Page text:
Never a truer word was said.

Who’s who?

Developers are intrinsic to a rich text editors’ health


It’s true. Rich text editors (RTEs) are a core component of almost every tech tool we use today. CMS, DMS, LMS, Email, Messaging, Workflow, CRMs and the list goes on… the roles they play reach into every hidden corner of an organization’s tech (and martech) stack and the amount of time developers are spending with them, on them and in them isn’t declining. In fact, it appears to be growing.

→ Who responded?

Just like last year, primarily it’s full stack developers who are working with rich text editors, despite usually being considered a front-end UI component and/or API. This could be because of the general abundance of full-stack developers or perhaps because a rich text editor requires access and the skills to build connections between some back-end aspects of products and apps.

Changes from 2021

Digging into the details of the raw data:

A shift occurred with more engineers1 responding — 76.72% in 2022 compared to 63.79% in 202

May be influenced by a large drop in the self-selections of “Other” — down from 39 in 2021 to 9 in 2022

Additional job titles were added to the list of title options, which could account for the change

On what basis are you employed?

The majority of respondents working with rich text editors are employed full-time, and in-house. This could indicate there’s more in-house importance being placed on editing components as part of the core functionality within the product/applications being developed. And it may also suggest that many companies now see the value in investing in the creation of a great authoring experience, no matter the platform or device.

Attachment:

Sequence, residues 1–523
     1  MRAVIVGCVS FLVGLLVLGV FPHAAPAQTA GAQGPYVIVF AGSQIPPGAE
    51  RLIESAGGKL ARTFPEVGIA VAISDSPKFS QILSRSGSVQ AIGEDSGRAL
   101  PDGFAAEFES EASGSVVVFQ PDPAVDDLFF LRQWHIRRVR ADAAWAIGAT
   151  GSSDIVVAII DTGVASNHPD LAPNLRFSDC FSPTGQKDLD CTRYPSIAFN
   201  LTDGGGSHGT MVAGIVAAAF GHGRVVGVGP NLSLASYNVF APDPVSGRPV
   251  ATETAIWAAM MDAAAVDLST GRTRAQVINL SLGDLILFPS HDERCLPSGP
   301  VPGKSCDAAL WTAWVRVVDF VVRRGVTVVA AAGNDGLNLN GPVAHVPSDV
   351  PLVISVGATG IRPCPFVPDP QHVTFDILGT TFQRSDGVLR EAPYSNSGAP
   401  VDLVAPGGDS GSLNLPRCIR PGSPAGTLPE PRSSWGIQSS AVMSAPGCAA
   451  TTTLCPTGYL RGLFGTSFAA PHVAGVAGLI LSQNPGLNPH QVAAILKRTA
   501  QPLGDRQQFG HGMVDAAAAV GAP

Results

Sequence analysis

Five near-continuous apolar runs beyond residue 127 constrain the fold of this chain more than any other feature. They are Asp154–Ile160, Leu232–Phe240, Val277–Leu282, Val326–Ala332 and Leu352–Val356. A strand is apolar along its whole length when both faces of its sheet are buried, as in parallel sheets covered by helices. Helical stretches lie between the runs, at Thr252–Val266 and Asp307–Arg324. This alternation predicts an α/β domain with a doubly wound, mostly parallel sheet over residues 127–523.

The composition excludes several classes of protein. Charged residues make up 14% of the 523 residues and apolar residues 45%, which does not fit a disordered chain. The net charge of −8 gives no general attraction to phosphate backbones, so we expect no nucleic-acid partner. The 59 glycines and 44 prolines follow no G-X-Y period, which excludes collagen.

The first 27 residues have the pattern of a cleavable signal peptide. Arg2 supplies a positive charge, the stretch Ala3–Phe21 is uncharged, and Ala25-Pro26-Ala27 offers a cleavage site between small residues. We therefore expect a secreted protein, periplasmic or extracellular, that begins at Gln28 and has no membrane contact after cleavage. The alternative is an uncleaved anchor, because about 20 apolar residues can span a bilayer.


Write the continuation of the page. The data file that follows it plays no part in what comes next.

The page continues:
Changes from 2021

Digging into the details of the raw data:

There are significantly more people in full-time employment — 53% in 2021 versus 72% in 2022

Self-employment is still the second most popular employment basis, but declined compared to 2021 — dropping by 4%

The option for “Other” was removed as a basis for employment, due to the poor data quality received in 2021

How many years experience do you have in developing with RTEs?

A rich text editor may sound boring to some, but it’s the lifeblood of so many organizations around the world. From development to marketing teams, content creators, publishers and legal teams, a rich text editor is intertwined with almost everyone’s workflow. And as far as managing rich text editors, it appears that’s no different — it’s no longer just senior developers using them.

In the last twelve months, the change from RTE work mainly being done by senior developers may have been kicked off by companies embracing digital transformation and needing their senior talent to work on building more flexible tech stacks. Likewise, the 'Great Resignation’ phenomenon may have contributed to the reshuffle, but regardless of the reason, it appears there’s a shift underway towards mid-career developers more often utilizing RTEs, than senior oriented developers.

The shift to mid-career experience levels could also indicate the advances made by many RTEs — simplifying integrations, configs and setups — could have allowed senior engineers to step back from the work of integrating the RTE into their product, to utilize their skills on more complex work.

Changes from 2021

Digging into the details of the raw data:

Shift away from fresh/new engineers utilizing RTEs

7% decrease in highly experienced (10+ years) engineers working with RTEs

More mid-level engineers working directly with RTEs

What gender do you identify as?